It’s clear that Section 44 has to go, but the risk remains that Clegg uses this scheme either to get the country to vent about laws they don’t like, or simply to delete specific laws without confronting the trends and behaviours which led to them in the first place. The cops who attacked Jules Mattson didn’t just cite Section 44 to try to stop him taking perfectly lawful photos – they made all sorts of garbage up in order to intimidate him into not taking photos. There is an institutional prejudice within the ranks against photographers, which was channelled by Section 44, and which would be much harder to root out and stop. New Labour made it abundantly clear they didn’t care one iota about the Met’s excesses. Time will tell if Theresa May cares any more, and this is what I want Nick Clegg to understand and tackle, more than anything.
I’ve seen some crazy stories about police harassing photographers, but nothing which can match this one:
According to his blog, Kevin visited the Bridges Shopping Centre in Sunderland with his son to spend the £10 his father gave the boy on a family visit. While there, he seated his son on a coin-operated train ride and snapped a photo of him with his cameraphone. At this point, a Bridges security guard came by and ordered him to stop taking pictures. He said that it was mall policy, and implied that Kevin was taking pictures because he was a paedophile. Kevin told him that this was ridiculous and took his son to find his wife and get out of the mall. He also took a picture of the security guard “so that if I later wanted to make a complaint to the centre I would be able to identify him.”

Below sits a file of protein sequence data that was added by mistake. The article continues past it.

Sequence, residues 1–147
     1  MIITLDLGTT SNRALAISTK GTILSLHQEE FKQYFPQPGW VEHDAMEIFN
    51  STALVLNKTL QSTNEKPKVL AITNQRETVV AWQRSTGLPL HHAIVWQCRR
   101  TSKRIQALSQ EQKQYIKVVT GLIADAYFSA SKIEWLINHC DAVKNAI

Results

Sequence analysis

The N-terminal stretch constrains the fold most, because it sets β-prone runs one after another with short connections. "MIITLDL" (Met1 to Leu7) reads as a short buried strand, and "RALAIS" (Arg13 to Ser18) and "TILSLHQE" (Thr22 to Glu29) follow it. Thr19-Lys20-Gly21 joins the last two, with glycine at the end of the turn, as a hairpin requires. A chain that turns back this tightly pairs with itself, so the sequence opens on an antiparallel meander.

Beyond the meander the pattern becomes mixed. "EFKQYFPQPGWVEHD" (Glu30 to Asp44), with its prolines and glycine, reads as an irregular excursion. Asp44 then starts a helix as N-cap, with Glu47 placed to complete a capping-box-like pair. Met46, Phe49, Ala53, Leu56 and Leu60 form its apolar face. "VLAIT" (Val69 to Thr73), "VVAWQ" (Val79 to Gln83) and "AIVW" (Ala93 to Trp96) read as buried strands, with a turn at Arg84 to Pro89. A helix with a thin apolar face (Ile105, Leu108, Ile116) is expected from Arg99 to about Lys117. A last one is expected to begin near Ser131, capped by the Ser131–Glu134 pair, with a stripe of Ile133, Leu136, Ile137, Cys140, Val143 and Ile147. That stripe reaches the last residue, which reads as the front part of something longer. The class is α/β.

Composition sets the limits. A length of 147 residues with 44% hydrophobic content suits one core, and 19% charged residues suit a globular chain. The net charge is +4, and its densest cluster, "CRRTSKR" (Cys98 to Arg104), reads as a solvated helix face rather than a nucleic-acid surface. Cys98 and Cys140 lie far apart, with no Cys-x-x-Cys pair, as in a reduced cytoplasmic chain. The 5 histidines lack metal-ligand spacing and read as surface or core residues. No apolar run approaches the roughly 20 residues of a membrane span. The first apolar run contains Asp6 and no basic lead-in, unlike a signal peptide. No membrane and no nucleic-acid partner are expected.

Outside of the mall, Kevin was stopped by a police constable who had received a complaint from mall security that a suspicious potential paedophile had been taking pictures on its premises. The PC threatened to arrest Kevin “for creating a public disturbance” and ordered him to delete the photo of his son. The PC also averred that the Bridges Shopping Centre is a hotbed of paedophile assaults.
Has the world gone completely mad? Threatening a man with arrest for taking photographs of his own son? And in what way is the shopping centre a ‘hotbed of paedophile assaults’? Do those (whatever the plod meant) normally occur in the full glare of hundreds of busy shoppers? Where do the police think this wave of alleged paedophilia, which merits such interventions and indeed a whole Independent Safeguarding Authority, is coming from?!
From the British Journal of Photography:
One day after Malcolm Dike took pictures of a sunset from his window, two Community Support Officers questioned him over claims that he could be a paedophile.
A member of the public reported Dike’s actions to the police, as his flat overlooks a youth centre, and it was feared that Dike was taking pictures of kids. ‘It was absolutely outrageous – I have been taking photos for years and never had any problems before,’ Dike told the Daily Mail. ‘My home overlooks the Oasis Youth Centre and apparently whoever complained was afraid I might have been taking photos of the children. That was completely untrue, of course, but the police have no right to come round here asking questions anyway.’
I’m floored. This paranoid, busybody behaviour is setting us against one another in ways we’ve never previously conceived. In the last 10 years many of us have come to the opinion that photographers are either terrorists or paedophiles, and that photography should be tightly controlled (or prohibited) – all without a shred of evidence to back such attitudes up. We prohibit photography on public land, we assume that anyone photographing a building wants to blow it up (and terrorist photography scouts are an as-yet undiscovered phenomenon), and anyone with a camera near children wants to take sexually objectifying pictures of them. I’m fed up with said ‘member of the public’ and sickened by the tin-pot police substitutes who actually gave this more than a second’s thought.